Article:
Within visual and chemosensory systems, stimulus detectors (receptors) undergo great functional diversification as organisms evolve to inhabit a wide range of ecological niches [22], [23]. Our findings demonstrate that genes encoding somatosensory receptors display the same capacity for adaptation to species' environmental conditions. Specifically, we have shown that a cold receptor can be tuned to respond within a temperature range most relevant to the normal resting temperature of the primary afferent nerve terminal, whether determined by an internally regulated core body temperature or the environmental milieu. Although the frog TRPM8 channel is clearly distinct from its mammalian or avian counterparts by virtue of an extremely low thermal activation threshold, it remains to be determined whether this represents a prototypical TRPM8 channel for all poikilothermic species, or whether the full complement of poikilothermic TRPM8 genes exhibits a continuum of thermal response properties that varies strictly with organismal body temperature. It may also be interesting to examine species that experience substantial variations (short- or long-term) in environmental temperature, as there may be corresponding changes in TRPM8 expression and/or function that allow for optimal temperature detection under such circumstances. In any case, our data show that the functional properties of thermoreceptors are not static through evolution, but rather reflect a natural diversity in thermoregulatory processes.

Materials and Methods

Culture and live-cell imaging of X. laevis sensory neurons

Frog neurons were prepared as previously described [24] with minor modifications. Briefly, dorsal root ganglia were dissected from juvenile 2.5–5 cm X. laevis (Nasco, Inc.) into frog neuron medium (50% Leibovitz L-15, 49% normal Frog Ringer's (in mM: 115 NaCl, 2.6 KCl, 10 HEPES, 5.5 glucose, 2 CaCl2, pH 7.6), and 1% serum). The connective tissue was removed and each ganglion minced into several pieces, transferred to Ca2+/Mg2+ free Hank's Balanced Salt Solution (HBSS) containing 1 mg/ml Collagenase P (Roche, Inc.), and digested for 45 minutes at room temperature. Neurons were pelleted at 500×g and further digested for 30 minutes in 0.25% (w/v) saline-based trypsin solution at room temperature. Neurons were triturated to a uniform suspension using a fire-polished glass pipette, resuspended in frog neuron medium, and layered onto 20% Percoll in frog Ringer's solution. Neurons were pelleted at 1000×g, washed in frog neuron medium, and plated onto poly-D-lysine-coated coverslips (BD Biosciences). Neurons were cultured in frog neuron medium overnight on the bench, loaded for one hour with 10 µM fura2-AM+0.01% pluronic acid in normal frog Ringer's solution, and subject to ratiometric calcium imaging essentially as previously described [8] except that frog Ringer's solution was used in place of standard mammalian Ringer's solution. Dissection, culture, and calcium imaging of rat dorsal root ganglia were as previously described [6], [8]. Acute collection of X. laevis and rat tissues were performed according to our laboratory protocol (#AN080281-01C) using animals obtained from our frog and rodent colonies, and all procedures for animal husbandry and euthanasia were approved by the UCSF Institutional Animal Care and Use Committee.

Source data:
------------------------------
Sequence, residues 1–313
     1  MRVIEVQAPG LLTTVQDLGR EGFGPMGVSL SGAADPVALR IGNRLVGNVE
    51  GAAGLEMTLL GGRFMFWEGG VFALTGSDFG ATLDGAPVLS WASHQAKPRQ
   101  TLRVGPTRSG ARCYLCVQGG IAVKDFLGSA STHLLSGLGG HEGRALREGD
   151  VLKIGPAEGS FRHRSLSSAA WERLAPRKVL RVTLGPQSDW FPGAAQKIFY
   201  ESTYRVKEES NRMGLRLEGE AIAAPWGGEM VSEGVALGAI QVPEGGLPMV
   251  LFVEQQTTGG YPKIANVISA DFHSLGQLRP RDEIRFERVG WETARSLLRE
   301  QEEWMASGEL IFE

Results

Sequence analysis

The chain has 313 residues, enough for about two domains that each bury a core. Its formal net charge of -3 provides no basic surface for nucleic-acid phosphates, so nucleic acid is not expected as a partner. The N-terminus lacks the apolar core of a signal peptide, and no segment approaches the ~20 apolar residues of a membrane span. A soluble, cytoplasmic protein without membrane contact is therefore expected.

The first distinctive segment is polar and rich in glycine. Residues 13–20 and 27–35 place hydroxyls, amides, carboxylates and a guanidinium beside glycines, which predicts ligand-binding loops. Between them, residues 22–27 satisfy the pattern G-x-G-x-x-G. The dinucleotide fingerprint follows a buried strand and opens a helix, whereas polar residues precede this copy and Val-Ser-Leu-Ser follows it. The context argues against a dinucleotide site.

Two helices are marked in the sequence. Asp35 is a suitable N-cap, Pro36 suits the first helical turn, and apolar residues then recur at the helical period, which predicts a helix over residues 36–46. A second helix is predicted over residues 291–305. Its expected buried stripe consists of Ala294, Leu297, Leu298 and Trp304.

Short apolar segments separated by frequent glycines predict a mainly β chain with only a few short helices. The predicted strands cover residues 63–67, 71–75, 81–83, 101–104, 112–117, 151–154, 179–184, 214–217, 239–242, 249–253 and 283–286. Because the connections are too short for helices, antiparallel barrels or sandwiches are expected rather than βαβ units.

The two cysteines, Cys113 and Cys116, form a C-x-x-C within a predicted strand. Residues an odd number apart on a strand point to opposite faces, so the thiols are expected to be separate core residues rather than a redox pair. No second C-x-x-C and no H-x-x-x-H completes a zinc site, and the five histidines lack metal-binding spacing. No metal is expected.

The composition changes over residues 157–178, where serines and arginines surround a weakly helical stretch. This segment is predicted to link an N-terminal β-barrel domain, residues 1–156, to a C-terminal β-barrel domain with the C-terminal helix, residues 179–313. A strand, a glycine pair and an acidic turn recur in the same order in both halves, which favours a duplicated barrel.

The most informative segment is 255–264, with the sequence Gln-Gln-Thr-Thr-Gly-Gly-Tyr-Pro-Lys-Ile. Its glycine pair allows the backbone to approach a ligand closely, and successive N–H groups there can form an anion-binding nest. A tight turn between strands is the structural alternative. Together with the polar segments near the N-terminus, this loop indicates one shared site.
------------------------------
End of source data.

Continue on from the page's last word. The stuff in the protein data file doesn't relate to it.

Molecular biology

Partial sequences for X. tropicalis TRPM8 and TRPM8-b were obtained by searching ENSEMBL and JGI databases, and from a previous bioinformatic study [11]. Total RNA was extracted from X. laevis trigeminal and dorsal root ganglia or whole X. tropicalis stage 43 tadpoles using TRIZOL (Invitrogen) and reverse transcribed using SuperScript II MMLV-RT (Invitrogen). X. tropicalis tissue was dissected by Jessica Lyons and Richard Harland (University of California, Berkeley) using animals from their laboratory frog colony; tissue was provided to us following dissection. Internal PCR products for X. laevis TRPM8 and TRPM8-b were obtained using PCR primers designed to amplify conserved regions within each gene (based on rat, human, chick, and X. tropicalis genome sequences), and the resulting sequence information was used to obtain complete transcript sequences using 5′ and 3′ SmartRACE (Clontech.) Full-length genes were captured by TA-cloning.

Primer pairs to amplify full-length genes were as follows:



X. tropicalis TRPM8





Genes were subcloned into the combined mammalian/oocyte expression vector pMO. For in vitro RNA transcription, channel constructs were linearized, transcribed (mMessage Machine T7 transcription kit, Ambion), and resuspended at a final concentration of 1 µg/µl. GenBank accession numbers are as follows: FJ948757 (X. laevis TRPM8), FJ948758 (X. tropicalis TRPM8), FJ948759 (X. laevis TRPM8b), FJ948760 (X. tropicalis TRPM8b).

Frog oocyte culture and electrophysiology